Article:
United States v. Quintanilla
United States Court of Appeals for the Armed Forces
56 M.J. 37 (2001)
Army Staff Sergeant Guillermo Quintanilla (defendant) faced charges in a general court-martial. During the proceedings, the military judge confronted a witness outside of the court about the witness’s availability, using profanity. The witness complained about the judge’s behavior, and the judge met ex parte with the case’s trial counsel, i.e., the prosecutor (plaintiff), about handling the confrontation and complaint. During later courtroom proceedings, the judge disclosed some information about the confrontation, and Quintanilla proposed a stipulation about it. The judge admitted that the confrontation had become relevant to the case issues and then acted as a witness by providing factual information for the parties’ stipulation. However, the judge never provided a full, coherent disclosure of the confrontation events on the record. The judge also never disclosed anything about his ex parte communication with the trial counsel. The trial counsel moved to disqualify the judge from serving in the case, but the judge denied the motion. Quintanilla was convicted and appealed. On appeal, Quintanilla learned about the ex parte communication between the judge and trial counsel about the confrontation. Quintanilla argued that the judge should have recused himself for apparent or actual bias and that Quintanilla had been prejudiced by the judge’s failure to disqualify himself.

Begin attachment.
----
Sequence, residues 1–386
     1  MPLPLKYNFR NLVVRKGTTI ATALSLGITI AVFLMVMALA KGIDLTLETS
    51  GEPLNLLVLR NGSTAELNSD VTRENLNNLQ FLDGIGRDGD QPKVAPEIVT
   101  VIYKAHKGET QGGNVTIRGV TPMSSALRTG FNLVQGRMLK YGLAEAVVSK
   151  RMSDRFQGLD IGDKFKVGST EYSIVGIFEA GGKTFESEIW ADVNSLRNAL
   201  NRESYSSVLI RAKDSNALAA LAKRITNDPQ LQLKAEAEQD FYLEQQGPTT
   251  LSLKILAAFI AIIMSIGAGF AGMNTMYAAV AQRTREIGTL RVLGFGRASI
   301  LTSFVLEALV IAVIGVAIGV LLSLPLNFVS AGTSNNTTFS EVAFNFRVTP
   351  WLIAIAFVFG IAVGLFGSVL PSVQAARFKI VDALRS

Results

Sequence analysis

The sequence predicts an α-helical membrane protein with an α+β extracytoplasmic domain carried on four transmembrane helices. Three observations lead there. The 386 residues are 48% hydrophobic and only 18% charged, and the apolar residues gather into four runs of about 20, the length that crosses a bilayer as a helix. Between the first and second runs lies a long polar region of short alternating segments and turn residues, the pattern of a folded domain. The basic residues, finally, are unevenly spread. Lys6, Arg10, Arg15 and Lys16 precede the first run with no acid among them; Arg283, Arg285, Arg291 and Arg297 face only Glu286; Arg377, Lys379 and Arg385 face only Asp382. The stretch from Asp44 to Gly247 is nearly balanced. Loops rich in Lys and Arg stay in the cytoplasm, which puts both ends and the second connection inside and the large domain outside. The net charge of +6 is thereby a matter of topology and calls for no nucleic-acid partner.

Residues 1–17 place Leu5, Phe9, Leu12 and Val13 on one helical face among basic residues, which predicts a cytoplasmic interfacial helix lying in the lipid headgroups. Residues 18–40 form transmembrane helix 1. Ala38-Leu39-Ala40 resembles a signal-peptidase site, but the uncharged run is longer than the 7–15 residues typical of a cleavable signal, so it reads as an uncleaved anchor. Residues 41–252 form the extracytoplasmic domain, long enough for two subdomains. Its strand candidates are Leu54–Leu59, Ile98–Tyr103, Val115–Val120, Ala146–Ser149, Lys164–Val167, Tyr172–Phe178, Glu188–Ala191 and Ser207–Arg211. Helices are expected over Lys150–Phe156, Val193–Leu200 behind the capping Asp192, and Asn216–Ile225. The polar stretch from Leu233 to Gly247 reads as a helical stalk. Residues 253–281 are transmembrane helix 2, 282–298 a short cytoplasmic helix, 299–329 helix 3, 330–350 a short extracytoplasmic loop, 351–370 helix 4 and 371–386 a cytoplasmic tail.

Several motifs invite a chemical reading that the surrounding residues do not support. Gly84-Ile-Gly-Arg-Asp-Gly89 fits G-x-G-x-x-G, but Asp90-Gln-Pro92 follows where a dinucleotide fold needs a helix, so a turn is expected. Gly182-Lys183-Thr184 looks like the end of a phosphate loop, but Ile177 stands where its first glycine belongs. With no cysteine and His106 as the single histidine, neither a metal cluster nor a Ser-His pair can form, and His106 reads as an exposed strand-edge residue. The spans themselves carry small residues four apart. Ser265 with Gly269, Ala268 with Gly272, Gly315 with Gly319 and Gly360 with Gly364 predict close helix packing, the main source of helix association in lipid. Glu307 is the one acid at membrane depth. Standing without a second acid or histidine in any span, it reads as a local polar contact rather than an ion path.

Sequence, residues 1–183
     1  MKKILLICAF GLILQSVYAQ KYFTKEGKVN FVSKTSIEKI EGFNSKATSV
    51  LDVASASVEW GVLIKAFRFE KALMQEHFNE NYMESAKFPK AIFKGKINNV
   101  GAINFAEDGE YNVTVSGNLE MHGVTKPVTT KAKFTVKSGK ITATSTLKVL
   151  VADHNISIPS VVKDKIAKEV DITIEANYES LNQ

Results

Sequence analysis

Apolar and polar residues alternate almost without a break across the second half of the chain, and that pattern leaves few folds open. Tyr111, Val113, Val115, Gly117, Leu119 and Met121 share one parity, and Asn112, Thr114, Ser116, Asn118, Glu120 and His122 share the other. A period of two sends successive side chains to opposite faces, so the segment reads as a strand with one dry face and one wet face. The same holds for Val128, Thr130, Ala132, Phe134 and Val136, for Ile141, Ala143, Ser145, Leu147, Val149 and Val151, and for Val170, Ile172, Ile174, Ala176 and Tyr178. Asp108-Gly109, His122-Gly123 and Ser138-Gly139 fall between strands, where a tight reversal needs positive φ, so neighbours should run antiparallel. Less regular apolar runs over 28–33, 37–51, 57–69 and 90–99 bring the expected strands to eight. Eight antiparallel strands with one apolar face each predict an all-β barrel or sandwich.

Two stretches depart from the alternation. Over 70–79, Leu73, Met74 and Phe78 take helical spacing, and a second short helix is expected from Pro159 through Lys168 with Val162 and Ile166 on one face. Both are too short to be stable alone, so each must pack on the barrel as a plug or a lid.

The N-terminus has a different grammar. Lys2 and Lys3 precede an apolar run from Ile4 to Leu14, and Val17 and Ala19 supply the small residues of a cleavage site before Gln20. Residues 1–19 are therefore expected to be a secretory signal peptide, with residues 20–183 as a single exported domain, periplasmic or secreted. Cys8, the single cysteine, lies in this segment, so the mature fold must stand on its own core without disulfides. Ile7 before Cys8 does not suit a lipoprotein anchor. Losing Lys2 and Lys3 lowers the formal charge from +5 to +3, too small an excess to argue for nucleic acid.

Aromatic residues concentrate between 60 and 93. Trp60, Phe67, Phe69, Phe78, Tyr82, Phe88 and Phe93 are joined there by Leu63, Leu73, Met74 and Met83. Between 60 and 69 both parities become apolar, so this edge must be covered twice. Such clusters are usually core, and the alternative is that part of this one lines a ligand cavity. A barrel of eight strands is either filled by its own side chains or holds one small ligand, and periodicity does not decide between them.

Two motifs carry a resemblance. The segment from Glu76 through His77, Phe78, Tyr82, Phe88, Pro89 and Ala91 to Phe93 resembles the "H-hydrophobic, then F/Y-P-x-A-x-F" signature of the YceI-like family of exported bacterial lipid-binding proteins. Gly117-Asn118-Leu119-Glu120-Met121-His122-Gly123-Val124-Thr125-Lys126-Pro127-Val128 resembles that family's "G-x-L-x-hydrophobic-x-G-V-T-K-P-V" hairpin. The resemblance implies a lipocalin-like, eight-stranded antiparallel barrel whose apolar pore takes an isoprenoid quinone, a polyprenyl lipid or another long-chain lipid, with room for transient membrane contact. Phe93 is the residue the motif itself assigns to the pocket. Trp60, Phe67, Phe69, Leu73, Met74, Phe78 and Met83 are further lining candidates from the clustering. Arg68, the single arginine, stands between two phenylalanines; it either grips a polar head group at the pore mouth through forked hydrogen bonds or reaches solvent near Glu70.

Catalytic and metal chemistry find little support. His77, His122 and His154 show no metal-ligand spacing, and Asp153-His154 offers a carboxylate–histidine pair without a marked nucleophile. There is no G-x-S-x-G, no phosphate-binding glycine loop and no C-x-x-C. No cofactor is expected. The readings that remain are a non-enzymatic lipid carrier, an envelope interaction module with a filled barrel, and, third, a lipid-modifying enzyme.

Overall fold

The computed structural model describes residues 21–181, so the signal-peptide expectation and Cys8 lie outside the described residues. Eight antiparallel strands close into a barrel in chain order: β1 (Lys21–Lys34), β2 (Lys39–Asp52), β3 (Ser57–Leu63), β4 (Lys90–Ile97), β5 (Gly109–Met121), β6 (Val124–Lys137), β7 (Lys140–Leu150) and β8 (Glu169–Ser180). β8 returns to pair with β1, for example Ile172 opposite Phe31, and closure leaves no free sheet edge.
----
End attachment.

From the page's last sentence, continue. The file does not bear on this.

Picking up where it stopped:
Rule of Law
Holding and Reasoning (Effron, J.)
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